Optimal attack density in the larch bark beetle, Ips cembrae (Coleoptera: Scolytidae).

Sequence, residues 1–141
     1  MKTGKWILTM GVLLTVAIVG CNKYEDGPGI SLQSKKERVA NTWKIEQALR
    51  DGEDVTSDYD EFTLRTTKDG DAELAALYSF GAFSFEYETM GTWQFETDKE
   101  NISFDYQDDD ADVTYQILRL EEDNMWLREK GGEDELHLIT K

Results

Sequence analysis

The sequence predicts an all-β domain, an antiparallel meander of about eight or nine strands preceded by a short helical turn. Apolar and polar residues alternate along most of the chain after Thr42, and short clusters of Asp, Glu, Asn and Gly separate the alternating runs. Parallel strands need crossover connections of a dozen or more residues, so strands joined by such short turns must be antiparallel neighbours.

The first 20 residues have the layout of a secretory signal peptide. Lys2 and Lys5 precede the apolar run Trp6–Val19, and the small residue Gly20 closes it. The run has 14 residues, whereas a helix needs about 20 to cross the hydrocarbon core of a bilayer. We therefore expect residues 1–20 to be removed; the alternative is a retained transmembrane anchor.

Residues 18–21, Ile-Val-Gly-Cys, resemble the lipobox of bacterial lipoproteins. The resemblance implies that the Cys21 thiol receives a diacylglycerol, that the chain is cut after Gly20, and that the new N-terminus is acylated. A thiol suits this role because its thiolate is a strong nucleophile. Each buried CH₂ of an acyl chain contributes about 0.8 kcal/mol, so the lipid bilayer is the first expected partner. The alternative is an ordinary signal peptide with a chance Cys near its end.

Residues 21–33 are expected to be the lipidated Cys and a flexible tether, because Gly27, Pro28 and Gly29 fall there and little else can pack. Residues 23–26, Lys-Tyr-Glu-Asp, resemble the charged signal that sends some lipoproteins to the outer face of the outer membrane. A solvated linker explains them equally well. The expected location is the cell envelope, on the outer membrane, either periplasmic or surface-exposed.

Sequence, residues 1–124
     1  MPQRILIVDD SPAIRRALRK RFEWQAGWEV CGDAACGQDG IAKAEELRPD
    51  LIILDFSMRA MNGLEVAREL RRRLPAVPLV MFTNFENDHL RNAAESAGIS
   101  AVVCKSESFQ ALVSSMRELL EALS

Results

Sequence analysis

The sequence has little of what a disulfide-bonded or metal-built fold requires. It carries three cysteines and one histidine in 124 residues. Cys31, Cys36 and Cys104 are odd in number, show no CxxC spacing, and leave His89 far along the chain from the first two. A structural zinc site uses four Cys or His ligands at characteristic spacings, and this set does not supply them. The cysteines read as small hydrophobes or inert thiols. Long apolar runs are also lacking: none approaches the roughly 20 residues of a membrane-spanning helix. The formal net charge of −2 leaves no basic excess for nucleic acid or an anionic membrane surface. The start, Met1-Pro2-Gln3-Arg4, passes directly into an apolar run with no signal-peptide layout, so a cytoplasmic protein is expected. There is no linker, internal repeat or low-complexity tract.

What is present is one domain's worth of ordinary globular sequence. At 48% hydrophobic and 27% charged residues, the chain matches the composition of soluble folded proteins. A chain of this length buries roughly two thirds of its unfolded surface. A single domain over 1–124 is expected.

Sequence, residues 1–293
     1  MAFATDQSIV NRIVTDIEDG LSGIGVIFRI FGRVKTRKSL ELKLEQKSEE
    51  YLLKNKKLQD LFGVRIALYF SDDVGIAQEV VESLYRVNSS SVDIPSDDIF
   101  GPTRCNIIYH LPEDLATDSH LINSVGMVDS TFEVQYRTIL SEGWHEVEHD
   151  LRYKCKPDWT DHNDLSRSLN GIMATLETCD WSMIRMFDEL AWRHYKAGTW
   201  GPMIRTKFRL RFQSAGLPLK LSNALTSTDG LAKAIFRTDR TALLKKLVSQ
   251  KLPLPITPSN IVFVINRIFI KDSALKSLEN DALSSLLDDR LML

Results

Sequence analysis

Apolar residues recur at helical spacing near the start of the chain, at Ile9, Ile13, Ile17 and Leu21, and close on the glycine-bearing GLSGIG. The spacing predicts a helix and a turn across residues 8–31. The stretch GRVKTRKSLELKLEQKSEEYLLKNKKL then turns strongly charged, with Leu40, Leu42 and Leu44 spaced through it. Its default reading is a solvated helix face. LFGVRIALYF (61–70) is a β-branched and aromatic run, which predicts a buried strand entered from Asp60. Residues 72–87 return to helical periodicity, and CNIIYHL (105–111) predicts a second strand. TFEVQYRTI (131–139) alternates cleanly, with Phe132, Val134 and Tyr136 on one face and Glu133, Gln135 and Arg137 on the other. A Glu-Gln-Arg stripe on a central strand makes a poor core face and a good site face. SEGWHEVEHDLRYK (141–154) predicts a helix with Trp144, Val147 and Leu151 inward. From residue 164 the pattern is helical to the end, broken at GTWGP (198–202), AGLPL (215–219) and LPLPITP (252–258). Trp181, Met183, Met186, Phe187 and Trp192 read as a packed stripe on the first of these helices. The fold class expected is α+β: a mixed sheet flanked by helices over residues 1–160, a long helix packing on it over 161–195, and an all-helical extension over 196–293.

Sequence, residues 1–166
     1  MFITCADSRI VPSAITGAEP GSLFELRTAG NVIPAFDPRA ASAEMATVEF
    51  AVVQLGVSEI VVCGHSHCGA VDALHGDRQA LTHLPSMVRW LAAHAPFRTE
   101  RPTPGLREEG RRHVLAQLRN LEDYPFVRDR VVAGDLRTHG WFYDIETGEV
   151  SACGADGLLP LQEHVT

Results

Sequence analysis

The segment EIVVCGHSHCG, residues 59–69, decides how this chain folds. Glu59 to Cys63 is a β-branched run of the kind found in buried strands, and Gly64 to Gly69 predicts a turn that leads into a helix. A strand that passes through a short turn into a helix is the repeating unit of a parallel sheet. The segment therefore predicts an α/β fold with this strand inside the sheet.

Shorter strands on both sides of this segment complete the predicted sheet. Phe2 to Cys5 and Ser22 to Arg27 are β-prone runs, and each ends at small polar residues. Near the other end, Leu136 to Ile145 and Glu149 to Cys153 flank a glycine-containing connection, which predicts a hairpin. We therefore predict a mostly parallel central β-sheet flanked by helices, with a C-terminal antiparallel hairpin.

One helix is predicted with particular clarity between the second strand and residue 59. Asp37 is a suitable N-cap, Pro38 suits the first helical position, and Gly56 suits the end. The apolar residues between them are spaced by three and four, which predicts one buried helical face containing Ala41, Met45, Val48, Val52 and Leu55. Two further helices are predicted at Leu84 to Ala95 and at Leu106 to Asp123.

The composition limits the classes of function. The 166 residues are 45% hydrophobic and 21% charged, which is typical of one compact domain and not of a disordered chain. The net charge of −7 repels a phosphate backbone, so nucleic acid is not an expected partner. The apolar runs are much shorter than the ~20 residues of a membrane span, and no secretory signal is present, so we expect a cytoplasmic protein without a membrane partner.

The effects of attack density of Ips cembrae on the gallery length, eggs and adult offspring production and mortality were studied in 0.1 m2 bark samples from 100 larch trees (Larix dahurica [L. gmelinii]) during the summer of 1989 in a burned area of the Tu Qiang Forest District, Great Xingan Mountains, China. The results showed that there was a positive linear relationship between gallery length and number of egg niches. The number of egg niches and adult offspring produced per gallery declined exponentially with attack density, and the egg to adult mortality increased exponentially as the attack density increased in the absence of host resistance. The exponential relationships were attributed to intraspecific competition between female adult parents for breeding space and between larvae for limited food resources. In addition, there were 2 optimal attack densities, 13.9 attacks per 0.1 m2 and 8.7 attacks per 0.1 m2, at which the number of egg niches (935) and adult offspring (496), resp., were maximum. An upper threshold of attack density, 31.8 attacks per 0.1 m2, beyond which the number of offspring adults produced from a bark area became less than the input of adult parents, was also found.